Fire Academy | Teen Ink

Fire Academy

January 12, 2011
By Animefairy GOLD, Deep River, Connecticut
Animefairy GOLD, Deep River, Connecticut
18 articles 1 photo 11 comments

Favorite Quote:
"You can design and create, and build the most wonderful place in the world. But it takes people to make the dream a reality." -Walt Disney

I opened my dorm room, 118, carrying my new T-shirt, hat, and water bottle. I closed the light weight wood door shut and started to strip off my ordinary clothes. I had only three minutes to change. Slipping into my denim Old Navy jeans, putting on an athletic grey T-shirt that read Connecticut Fire Academy across the back, I tucked in my shirt. I put on my black sneakers and quickly laced them up. I slapped on an academy cap onto my dark brown hair, fixing my pony tail into the cap. I clipped my tags and keys on the left sleeve of my T-shirt. I finally examined my uniform in the mirror, I had everything. I grabbed the water bottle and gave a quick glance back at my reflection. I breathed deeply and headed downstairs to the auditorium.

It was nine thirty when all the teenagers arrived in the auditorium. I only knew two of the boys: Patrick Schaefer and Nick Campbell, from my fire department. I sat in between them. Then an instructor entered the room.

“Good Morning!” the instructor announces, silencing the immature chatter, “I am Mr. Trisler.”

Everyone was tuned in on the speaker. He passes out a small piece of rope.

“For the next four days, you’ll have this rope tied in a square knot around your waist,” he explains, “Many who’ve gone through the academy get really attach to this.”

Mr. Trisler orders everyone to stand up. I felt the rope between my fingers and slid it behind my waist. I follow Mr. Trisler’s instructions; make a loop, around the loop, and through. I tighten the knot.

After the knot tying lesson, he tell us what we will have at all times, hat, rope, and water bottle. Mr. Trisler explains that hydrating is extremely important when working in the hot sun in full out bunker gear. These days were described really long days.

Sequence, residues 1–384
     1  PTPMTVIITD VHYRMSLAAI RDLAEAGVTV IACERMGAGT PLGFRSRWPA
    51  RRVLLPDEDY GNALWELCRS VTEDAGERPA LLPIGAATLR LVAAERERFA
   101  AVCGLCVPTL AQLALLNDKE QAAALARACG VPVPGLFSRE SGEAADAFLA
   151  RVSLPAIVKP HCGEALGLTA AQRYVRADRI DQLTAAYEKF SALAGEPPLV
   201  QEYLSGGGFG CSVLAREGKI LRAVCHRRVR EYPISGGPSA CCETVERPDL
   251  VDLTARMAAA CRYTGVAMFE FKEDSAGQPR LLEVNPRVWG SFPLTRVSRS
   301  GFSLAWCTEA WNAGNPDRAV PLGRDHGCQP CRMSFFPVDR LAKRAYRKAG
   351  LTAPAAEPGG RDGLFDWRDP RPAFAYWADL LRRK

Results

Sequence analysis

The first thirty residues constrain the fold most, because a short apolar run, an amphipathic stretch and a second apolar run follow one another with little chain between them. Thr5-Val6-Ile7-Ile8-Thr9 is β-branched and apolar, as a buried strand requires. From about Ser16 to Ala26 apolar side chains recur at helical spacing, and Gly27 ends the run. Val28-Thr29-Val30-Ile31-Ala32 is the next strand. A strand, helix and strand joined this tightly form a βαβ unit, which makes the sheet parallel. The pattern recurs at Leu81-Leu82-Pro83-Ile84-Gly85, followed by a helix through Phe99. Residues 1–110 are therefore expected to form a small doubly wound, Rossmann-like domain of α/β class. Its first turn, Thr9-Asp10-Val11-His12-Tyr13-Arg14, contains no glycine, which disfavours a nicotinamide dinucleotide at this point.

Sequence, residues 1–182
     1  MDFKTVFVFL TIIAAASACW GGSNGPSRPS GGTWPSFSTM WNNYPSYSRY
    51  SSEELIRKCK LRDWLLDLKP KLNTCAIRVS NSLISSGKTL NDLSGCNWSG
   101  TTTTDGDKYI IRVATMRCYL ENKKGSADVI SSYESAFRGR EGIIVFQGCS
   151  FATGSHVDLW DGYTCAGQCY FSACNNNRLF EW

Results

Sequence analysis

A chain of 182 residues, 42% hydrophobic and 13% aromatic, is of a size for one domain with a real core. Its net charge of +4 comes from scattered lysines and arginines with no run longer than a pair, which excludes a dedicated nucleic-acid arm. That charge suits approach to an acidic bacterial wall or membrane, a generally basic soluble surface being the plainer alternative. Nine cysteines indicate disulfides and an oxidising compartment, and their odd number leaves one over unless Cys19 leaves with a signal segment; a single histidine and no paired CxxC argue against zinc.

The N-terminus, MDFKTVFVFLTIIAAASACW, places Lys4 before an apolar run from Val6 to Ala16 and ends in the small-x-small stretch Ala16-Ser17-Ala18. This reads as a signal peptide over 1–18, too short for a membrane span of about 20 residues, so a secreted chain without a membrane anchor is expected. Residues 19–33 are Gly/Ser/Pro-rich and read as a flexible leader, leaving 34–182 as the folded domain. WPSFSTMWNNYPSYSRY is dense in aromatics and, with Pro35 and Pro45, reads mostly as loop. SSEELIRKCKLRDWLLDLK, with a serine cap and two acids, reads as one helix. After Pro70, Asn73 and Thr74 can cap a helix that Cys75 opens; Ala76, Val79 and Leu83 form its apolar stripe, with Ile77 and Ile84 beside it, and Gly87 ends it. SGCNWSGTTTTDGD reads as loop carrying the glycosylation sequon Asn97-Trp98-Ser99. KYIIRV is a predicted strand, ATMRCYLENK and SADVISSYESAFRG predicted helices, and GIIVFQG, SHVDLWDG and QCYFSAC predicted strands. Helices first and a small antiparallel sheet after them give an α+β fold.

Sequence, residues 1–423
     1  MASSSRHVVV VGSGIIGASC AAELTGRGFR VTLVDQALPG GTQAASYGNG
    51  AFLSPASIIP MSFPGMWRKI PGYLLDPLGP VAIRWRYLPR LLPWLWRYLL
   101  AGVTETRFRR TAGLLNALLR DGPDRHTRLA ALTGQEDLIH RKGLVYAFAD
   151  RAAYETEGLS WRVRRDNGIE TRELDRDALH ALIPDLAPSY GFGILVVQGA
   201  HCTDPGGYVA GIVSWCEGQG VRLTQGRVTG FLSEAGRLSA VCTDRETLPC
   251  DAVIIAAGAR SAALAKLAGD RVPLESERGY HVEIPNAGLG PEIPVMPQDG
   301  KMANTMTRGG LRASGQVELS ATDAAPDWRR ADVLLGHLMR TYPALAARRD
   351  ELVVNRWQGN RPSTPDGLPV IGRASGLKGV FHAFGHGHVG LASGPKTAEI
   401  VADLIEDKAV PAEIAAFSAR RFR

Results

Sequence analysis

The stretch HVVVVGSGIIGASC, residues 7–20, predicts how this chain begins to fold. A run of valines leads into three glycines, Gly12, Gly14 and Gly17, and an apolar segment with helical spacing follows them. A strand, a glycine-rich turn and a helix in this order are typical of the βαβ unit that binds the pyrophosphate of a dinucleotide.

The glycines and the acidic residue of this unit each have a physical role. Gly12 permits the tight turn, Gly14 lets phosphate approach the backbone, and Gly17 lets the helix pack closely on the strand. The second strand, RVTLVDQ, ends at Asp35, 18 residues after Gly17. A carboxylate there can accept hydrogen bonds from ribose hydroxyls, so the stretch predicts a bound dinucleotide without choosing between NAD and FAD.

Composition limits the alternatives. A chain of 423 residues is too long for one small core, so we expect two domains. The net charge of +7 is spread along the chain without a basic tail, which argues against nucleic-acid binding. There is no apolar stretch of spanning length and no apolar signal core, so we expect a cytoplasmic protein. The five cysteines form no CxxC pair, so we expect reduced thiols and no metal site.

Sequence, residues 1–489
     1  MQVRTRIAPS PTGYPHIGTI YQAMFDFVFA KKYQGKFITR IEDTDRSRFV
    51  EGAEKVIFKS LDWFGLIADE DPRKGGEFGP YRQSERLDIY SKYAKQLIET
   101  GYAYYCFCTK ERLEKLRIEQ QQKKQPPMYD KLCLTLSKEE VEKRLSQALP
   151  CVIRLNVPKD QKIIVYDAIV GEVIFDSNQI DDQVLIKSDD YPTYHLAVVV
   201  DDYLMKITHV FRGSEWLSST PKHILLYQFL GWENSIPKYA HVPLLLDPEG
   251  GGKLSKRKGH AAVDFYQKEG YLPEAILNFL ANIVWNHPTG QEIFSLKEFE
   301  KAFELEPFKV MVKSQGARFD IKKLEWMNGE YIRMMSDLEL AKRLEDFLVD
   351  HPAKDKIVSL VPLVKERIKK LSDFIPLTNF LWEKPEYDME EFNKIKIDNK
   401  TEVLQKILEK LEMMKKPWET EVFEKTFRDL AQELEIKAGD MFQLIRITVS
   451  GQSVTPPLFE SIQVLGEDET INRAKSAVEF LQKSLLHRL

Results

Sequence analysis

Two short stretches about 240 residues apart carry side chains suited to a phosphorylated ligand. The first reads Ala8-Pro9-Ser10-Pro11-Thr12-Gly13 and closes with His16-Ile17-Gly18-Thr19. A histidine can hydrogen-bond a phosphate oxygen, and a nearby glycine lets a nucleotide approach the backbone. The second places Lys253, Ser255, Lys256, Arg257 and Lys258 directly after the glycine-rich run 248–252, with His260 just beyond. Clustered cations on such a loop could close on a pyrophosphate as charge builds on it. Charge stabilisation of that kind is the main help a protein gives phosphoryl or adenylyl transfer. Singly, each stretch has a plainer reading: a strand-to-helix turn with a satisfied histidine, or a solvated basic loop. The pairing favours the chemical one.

Finally, Mr. Trisler introduces another instructor. He orders everyone outside. Everyone rises from their seats and single files out of the room.

The sun was hot over the academy as we line up in front of the school building outside. Our posture was straight. The instructor faces us.

“Every morning we will have a fitness session, “the instructor explains, “Fitness is important to fire fighting.”

He clarifies that learning all our names would take to long time, he calls the boys Ryan and the girls Kate. I would no longer be Lindsay, I would be Kate.

The instructor guided us to a four story building, a smoke house. There were long sharp headed and flatted headed axes that paired with a halogen tool, two inched and four inched yellow and white rolls of hoses, and long rope; other fire fighting tools laying on the heated gray pavement. We were ordered to carry the equipment up and down the tower.

I grabbed hose and ran up the stairs. After everyone grabbed a tool, a moving line took form up the building.

“Switch!” the instructor yelled. I handed my hose to a boy behind me. I received an axe from a boy in front of me. Everyone kept walking up or down the tower.

Time went by slowly as we tired from walking up step after step. Sweat dripped from my face, I tasted the salt in my mouth. The boys sweat and the girls were about to give up. Passing tool after tool, the assembly line was endless.

“Stop!” the instructor yelled. We gathered on the third floor of the tower. We walked up and down the tower with equipment for fifteen minutes. The lesson was a hard cardio workout. “We never said this week would be easy,” the instructor made clear. I panted, breathing for oxygen, but the sun’s shining rays scorched in middle summer. As sweat dripped like rivers down my face, I knew my stay at the Connecticut Fire Academy was going to be a long, long week.

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